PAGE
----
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The M&Ms have nothing on Ping.

The KitKats and Snickers, the Skittles and Reese’s and all that other venerable Halloween sweetness has new competition this year on the beautiful tree-lined streets of Sheridan Boulevard.

As the sun turned the Halloween sky orange Wednesday evening, Jackie Ostrowicki had a question for the Elsas and Power Rangers, the Incredible Hulks and witches and Vamperinas and Black Panthers wandering up to her front steps.

Do you like to read?

The answer was yes more often than not (except for the gory — and exceedingly honest — little monster whose googly eyes shook back forth with his head when he answered) and so the costumed masses left with their M&Ms — and a book.

Ostrowicki was as pleased as three little pigs, who left with one book and a promise that the older pig would read it to the younger ones.

The University of Nebraska assistant vice president and chairperson of the Foundation for Lincoln Public Schools began offering an alternative to candy a few years ago: poems tied up in a small scroll.

Ostrowicki has long been a lover of poetry, and decided poems would make a nice accompaniment to the candy.

“All of our holidays are so commercial anymore. It’s really all about candy. I thought, what else can I do that’s important to me ... poetry is really important to me,” she said. “What can I do that’s my little kindness that makes it bigger than the candy.”

She asked a former classmate and Nebraska native — now a poet and publisher living in Oregon — if she could use one of his poems. He gladly consented — and kids began grabbing the scrolls instead of the candy.

Then she had a party.

There, at the gathering for her fellow foundation board members in September, her Halloween poem treats came up in a conversation with Linda Joel.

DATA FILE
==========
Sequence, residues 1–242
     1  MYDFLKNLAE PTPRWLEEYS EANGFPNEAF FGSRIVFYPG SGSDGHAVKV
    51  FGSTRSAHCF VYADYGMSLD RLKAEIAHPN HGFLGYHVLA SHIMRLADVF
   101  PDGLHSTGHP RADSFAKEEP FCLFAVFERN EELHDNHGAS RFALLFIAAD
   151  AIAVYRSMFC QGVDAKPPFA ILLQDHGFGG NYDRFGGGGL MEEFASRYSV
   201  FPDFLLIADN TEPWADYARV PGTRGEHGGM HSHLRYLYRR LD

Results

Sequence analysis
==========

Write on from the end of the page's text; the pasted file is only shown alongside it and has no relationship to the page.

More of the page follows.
Joel, the wife of LPS Superintendent Steve Joel and a member of a Random Act of Kindness group, thought it would be great if Ostrowicki could distribute not just poems, but books.

That thought turned into a $300 donation from the Random Act of Kindness group, which led to more donations from other foundation board members who loved the idea.

“The idea came to life and then one person after another starting building on it to make it what it is,” she said.

Ostrowicki took the $600 in donations to Indigo Bridge Books, which sold her 125 books at greatly discounted prices, and on Halloween, she, three other board members and foundation president Wendy Van handed out books in addition to candy.

Ostrowicki figures she’d touch a fairly broad cross-section of Lincoln from her front porch, because Sheridan Boulevard and the grand old homes there have long been a trick-or-treat destination for Lincoln kids.

“So many kids come through,” she said.

And the residents along Sheridan Boulevard have responded in kind. National Geographic photographer Joel Sartore makes a “tunnel of doom” leading to his door. Becky Scott, a pediatric dentist, hands out dental kits.

And now, from the house decorated with bats and skeletons and pumpkins, the printed word: “Room on the Broom” and “Time for a Hug” and “John Henry” and “Ping” and more.

Van said she’d love to make it an annual event for the board, one that spans the city, promotes literacy and inspires similar kindnesses.

Each book included a bookmark with Zachary Schomburg’s poem and a note about the random act of kindness that inspired it.

“Be sure to read it,” Van said to a young rock star who’d made her way to Ostrowicki’s porch and left with a chapter book.

“And do something nice for someone else.”

Reach the writer at 402-473-7226 or mreist@journalstar.com.

On Twitter @LJSreist.

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Education reporter

Margaret Reist is a Lincoln native, the mom of three high school graduates now navigating college and an education junkie who covers students, teachers and policymakers inside and outside the K-12 classroom.

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